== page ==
Rabbit Advocacy Animal Matters


Clone team want to grow human cells in rabbit eggs

January 13, 2005 Julie Wheldon - Daily Mail

British scientists want to create embryos by combining rabbit eggs with human DNA, it has emerged. They hope the controversial move will boost stem cell research into incurable diseases by giving them a plentiful supply of eggs on which to hone their skills.

The scientists claim the development is needed as current human egg shortages are likely to worsen following a recent cloning scandal in which Korean research was exposed as fake. However, ethical campaigners last night called the idea "repugnant" and "very disturbing".

A team led by Professor Ian Wilmut - the pioneer behind Dolly the Sheep, the first mammal cloned from an adult cell - is currently trying to use stem cells from embryos to learn more about the triggers for motor neurone disease.

Stem cells are building blocks that can turn into any part of the body. The team plans to turn them into nerve tissue, so scientists can then study how disease develops in the laboratory. Until now Professor Wilmut, of Edinburgh University, and his team have been relying on donations of human eggs to try to harvest the stem cells. However, they cannot get enough as the procedure is not without risks to women.

They are now in discussion with the Human Fertilisation and Embryology Authority, which regulates embryo research, about using rabbit eggs instead.

The plan was revealed by one of Professor Wilmut's research colleagues. Professor Chris Shaw, from King's College London, said they hoped to take a rabbit egg, remove its genetic material and replace it with human DNA.

Stimulated egg

The egg would then be stimulated to turn into an embryo, from which they could harvest stem cells. The ultimate aim is to be able to grow several motor neurone disease stem cell lines - banks from which limitless supplies can be obtained - so they can study how the condition develops.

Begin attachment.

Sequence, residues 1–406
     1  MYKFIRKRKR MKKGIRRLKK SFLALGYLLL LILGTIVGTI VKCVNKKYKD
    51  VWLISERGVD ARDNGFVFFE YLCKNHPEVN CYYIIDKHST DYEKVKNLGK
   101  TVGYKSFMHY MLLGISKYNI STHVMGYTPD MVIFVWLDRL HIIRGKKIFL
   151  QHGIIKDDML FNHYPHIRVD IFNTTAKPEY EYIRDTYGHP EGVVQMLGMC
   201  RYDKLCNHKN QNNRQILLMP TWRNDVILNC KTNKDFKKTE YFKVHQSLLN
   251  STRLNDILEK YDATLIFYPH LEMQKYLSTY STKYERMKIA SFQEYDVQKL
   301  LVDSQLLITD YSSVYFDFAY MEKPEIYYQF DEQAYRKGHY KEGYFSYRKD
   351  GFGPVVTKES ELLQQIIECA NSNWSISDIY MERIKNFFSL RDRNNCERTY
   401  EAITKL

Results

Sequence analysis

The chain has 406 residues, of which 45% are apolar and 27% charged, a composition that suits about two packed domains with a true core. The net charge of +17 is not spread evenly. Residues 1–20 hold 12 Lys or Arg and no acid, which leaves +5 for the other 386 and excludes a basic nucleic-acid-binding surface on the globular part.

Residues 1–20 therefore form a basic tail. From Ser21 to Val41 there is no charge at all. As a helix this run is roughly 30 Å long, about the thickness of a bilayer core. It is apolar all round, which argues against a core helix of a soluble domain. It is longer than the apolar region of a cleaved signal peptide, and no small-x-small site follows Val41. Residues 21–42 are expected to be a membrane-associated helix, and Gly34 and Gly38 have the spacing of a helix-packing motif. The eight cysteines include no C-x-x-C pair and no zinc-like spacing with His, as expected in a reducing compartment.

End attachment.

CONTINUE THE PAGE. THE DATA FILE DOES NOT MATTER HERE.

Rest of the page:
It is not entirely clear how the research would be covered by existing laws. The embryo would have only human genetic information inside, but rabbit proteins would still be present.

And because the impact of these proteins is not yet known, it would not be considered a true clone - even though it would contain just one person's DNA and be created through standard cloning methods.

The HFEA said because the embryo would be virtually indistinguishable from a human embryo, the researchers would need to apply for a licence and prove the research is "necessary and desirable". And because it began life as an animal-human hybrid, the embryo would have to be destroyed by the time it was 14 days old and could never be implanted into a woman and allowed to grow.

Professor Shaw said there was an increased need to get eggs from an alternative source because he expects donations to plummet after the scandal in South Korea.

Professor Hwang Woo-Suk claimed he had created cloned human embryos and 11 sets of stem cells tailor-made to patients. This week an investigation concluded both pieces of research were fabricated.

Professor Shaw said: "People's emotional response to this scandal may be to decide not to engage with the research."

Josephine Quintavalle, of Comment on Reproductive Ethics, said most people would find the proposed research repugnant. "It would create something profoundly abnormal," she said. "It is so perverse and I cannot believe that such a convoluted way is necessary to perfect stem cell technology."

Similar research has been done in China, and animal cells have been used in fertility research. However this research, with its combination of cloning, stem cells, animal eggs and human DNA, would be the first of its kind in Britain. 

Animal-Human Hybrids Spark Controversy 

January 25, 2005 Maryann Mott - National Geographic News 

Scientists have begun blurring the line between human and animal by producing chimeras—a hybrid creature that's part human, part animal.

Chinese scientists at the Shanghai Second Medical University in 2003 successfully fused human cells with rabbit eggs. The embryos were reportedly the first human-animal chimeras successfully created. They were allowed to develop for several days in a laboratory dish before the scientists destroyed the embryos to harvest their stem cells.

In Minnesota last year researchers at the Mayo Clinic created pigs with human blood flowing through their bodies.
And at Stanford University in California an experiment might be done later this year to create mice with human brains.